BUTTERCUPS / EVENING PRIMROSES: In this area we call these buttercups.  In other regions, "buttercups" are yellow.  Ours are so-called because if you smush one on someone's nose, it'll turn "buttery-yellow" from the pollen inside.  "Butter in a cup" - get it?  

Another name is evening primrose (altho they're not related to real primroses). Oenothera (botanical name) roots and shoots were used as a food by early Americans (and others), and were said to speed healing of wounds and bruises when used as polutices. The oil was used to stop PMS pain, and some even used it to aid in childbirth. (Again, varieties may have mutated over the centuries! Don't try this at home.)


My heart-felt thanks to those who sent in caladium substitute suggestions based on my plea last week:

Colchester White Dusty Miller,  
Centaurea cineraria  'Colchester White' 
ANGELA CHANDLER: (I told you she's good!) My favorite "white" for drought tolerant gardens is Colchester White Dusty Miller, Centaurea cineraria 'Colchester White'.  It is dependable all the time.  It will take OCCASIONAL wet feet for short periods, but not long term.  It is advertised for full sun, but I love it at the feet of taller roses that sometimes has 'bare legs' in the summer.  It takes heavy shearing very well, but if left alone it just forms a billowy mound of white.  More white than silver, and not a wimp like annual Dusty Miller.  It's beautiful. I gave cuttings to Treesearch several years ago, and I think they are propagating it.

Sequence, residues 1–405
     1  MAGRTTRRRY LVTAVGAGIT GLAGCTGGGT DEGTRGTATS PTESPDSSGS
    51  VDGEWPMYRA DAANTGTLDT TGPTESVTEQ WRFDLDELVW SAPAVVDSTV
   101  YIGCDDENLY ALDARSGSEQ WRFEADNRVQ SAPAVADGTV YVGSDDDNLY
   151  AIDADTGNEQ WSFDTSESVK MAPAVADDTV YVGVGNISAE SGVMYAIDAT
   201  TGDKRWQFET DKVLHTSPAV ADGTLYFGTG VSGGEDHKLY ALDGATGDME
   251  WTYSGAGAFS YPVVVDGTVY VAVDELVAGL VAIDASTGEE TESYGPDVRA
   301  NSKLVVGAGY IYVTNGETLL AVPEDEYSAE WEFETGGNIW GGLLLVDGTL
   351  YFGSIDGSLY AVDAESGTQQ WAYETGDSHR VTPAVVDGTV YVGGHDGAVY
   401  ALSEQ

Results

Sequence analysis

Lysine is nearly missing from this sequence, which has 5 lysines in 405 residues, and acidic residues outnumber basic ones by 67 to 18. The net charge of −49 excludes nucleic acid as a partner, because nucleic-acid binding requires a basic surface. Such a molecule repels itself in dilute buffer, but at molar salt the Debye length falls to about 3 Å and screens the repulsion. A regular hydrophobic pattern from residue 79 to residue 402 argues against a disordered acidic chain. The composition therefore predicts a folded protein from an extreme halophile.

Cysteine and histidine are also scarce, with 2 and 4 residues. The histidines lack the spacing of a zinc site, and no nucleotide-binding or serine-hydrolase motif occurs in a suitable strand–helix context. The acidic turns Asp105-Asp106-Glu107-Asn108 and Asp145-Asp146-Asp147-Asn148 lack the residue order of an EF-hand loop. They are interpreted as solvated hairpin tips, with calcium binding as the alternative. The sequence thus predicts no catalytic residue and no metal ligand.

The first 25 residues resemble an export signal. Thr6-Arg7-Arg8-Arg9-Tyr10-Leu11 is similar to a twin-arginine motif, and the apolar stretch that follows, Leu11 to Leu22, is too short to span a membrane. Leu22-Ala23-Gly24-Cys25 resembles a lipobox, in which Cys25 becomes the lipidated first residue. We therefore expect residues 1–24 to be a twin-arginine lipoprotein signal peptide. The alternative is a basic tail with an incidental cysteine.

DIANE PRICE: You could use Kaempferia's. There are many varieties. They might not be completely white, but many have white spots. They last most of the season and come back year after year.  They love the shade. You'll probably find some at Jerry's Jungle Garden sales and, of course, Treesearch Farms and March Mart (Mercer Arboretum & Botanic Gardens).

Cora species of Vinca